Poland before the presidential election: a country in battle mode
Andrzej duda comes too late. His supporters stand crowded in the sweltering summer heat on the market square in starachowice. They are waiting for the campaign appearance of the polish president, who hopes to be re-elected on sunday.
Sudden movement at the edge of the marketplace: a small group unrolls a poster of rafal trzaskowski – duda’s challenger. He is not well liked here.
"Thieves, thieves!", roars the crowd of duda fans and drives the group in front of him. A pensioner beats trzaskowski’s supporters with a broomstick. A woman shouts at him: "shame on you!! March, to church and confess everything to the priest!"
The mood in the country is charged before the 12. July. Then the poles decide in a runoff election who will be their new president: andrzej duda, who has the support of the national conservative ruling party pis. Or warsaw’s mayor rafal trzaskowski of the liberal-conservative burgerkoalition (KO). Polls show it will be close: duda has 46 to 47.3 percent of the vote, traskowski 45.9 to 47.5 percent.
Both candidates are 48 years old, have a doctorate and a family. But that’s where the similarities end. Duda scores points in the countryside and in the conservative, catholic-influenced south and east. Trzaskowski in the big cities, the north and the west.
In the small town of starachowice in southern poland, where the church towers behind the crumbling houses on the market square, duda is in his element. The spirited speaker has a flair for populist tone. He pays up the social benefits introduced by the pis government: 500 zloty (about 113 euros) child benefit per child, a 13. Pension payment, reduction of value-added tax on foodstuffs. "You will notice this when you go shopping!" Shouts the president. The crowd chants: "thank you! Thank you!"
From the edge of the marketplace, however, the sound of "ra-fal" can be heard! Ra-fal! Free courts!"The troop of trzaskowski’s supporters has set up on the stairs of a paint store and is making a lot of noise from there – guarded by a dozen police officers.
Duda says what pays for him: "the family, the family, again the family". That’s why he wants to enshrine in the constitution that adoption of children by homosexual couples will be banned. Long applause. "I think it’s good that it’s for the traditional family," says piotr gawlik (18), who is doing an apprenticeship as a mechatronics technician. And karolina (30), an insurance employee and mother of two children, adds: "the children now have a completely different life thanks to the child allowance. We can go to the swimming pool, even courses outside the school are in it."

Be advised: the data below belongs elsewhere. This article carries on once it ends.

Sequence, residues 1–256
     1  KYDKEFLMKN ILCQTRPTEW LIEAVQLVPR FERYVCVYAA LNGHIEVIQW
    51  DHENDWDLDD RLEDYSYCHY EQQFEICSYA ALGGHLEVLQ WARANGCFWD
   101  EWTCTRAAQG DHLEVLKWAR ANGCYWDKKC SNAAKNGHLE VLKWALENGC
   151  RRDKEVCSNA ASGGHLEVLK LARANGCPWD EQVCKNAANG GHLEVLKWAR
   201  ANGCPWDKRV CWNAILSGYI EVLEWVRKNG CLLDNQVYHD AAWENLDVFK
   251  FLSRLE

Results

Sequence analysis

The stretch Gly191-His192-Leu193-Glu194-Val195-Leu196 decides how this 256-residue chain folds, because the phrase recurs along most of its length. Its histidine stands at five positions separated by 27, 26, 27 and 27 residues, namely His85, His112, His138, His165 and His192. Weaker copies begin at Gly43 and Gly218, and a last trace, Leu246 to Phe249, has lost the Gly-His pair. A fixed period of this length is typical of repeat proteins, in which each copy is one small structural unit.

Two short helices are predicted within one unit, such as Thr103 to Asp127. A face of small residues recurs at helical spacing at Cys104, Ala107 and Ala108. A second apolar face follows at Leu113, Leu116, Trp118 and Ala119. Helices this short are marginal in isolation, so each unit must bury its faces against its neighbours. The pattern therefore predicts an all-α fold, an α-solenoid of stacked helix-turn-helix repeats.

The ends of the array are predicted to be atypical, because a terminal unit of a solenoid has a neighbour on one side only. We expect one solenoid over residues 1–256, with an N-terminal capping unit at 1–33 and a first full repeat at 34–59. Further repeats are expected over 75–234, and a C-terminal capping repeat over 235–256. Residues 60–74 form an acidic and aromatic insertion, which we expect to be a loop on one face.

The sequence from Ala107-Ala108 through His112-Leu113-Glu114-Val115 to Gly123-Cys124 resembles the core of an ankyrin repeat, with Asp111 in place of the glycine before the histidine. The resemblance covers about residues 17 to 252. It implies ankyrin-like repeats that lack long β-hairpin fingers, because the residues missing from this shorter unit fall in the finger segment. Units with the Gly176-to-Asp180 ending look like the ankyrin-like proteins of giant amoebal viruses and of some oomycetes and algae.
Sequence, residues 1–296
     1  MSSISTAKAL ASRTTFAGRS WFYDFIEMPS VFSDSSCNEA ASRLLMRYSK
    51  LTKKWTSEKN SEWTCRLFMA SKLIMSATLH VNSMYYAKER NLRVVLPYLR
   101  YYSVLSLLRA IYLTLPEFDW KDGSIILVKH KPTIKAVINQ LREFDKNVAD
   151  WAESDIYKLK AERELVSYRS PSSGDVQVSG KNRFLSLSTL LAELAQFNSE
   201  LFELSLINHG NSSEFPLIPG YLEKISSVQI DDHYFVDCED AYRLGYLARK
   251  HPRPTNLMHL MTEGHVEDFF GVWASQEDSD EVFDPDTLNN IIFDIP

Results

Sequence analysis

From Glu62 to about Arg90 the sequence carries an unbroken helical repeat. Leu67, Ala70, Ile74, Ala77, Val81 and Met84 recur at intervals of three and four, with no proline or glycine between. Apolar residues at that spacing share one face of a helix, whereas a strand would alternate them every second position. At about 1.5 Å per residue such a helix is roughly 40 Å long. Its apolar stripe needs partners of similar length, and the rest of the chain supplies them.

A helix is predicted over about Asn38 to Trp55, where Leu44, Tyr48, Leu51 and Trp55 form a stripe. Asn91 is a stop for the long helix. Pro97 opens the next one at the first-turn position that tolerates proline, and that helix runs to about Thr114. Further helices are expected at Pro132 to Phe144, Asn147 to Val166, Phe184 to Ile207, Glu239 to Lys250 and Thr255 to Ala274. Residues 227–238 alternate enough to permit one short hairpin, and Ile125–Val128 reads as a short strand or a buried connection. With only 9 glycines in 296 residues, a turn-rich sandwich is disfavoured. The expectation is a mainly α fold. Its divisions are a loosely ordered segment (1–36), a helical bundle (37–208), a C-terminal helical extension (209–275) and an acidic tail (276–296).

Scene change. Trzaskowski’s campaign staff has set up two lecterns in lodz’s fubganger zone with its spruced-up old buildings before his appearance. One is for the candidate himself – the other has a sign on it that says: "andrzej duda". An allusion to the fact that the challenger accuses the president of avoiding a TV duel with him. According to duda, however, it is the other way around.
Lodz is poland’s third most populous city. Trzaskowski, a smart guy with a fashionable three-day beard and study experience in oxford and paris, is well received here. He has many uncomfortable questions for the imaginary duda at the empty lectern: "where were you when the freedom of the courts was restricted? Who rides in the electric cars they wanted to have built in poland? Why do you sign laws in the dark?"Trzaskowski has announced that as president he wants to reverse the controversial judicial reforms of pis.
Adam pierzchala (19) wants to elect trzaskowski. "He is open and eloquent, stands up for the rights of women and LGBT people," says high school graduate. For manager aleksander sucharkiewicz something else counts. Trzaskowski speaks five languages and will straighten out poland’s relationship with the EU, the 43-year-old hopes. "Duda focuses only on the u.S."
The runoff between duda and trzaskowski is the fourth duel since 2005 in which a pis candidate and a liberal-conservative contender face off. The battle between the two camps has since become increasingly bitter. In the first round of voting, the turnout was already 61.7 percent – in the second round, it was allowed to be even higher. The question now is who will profit from it in the end.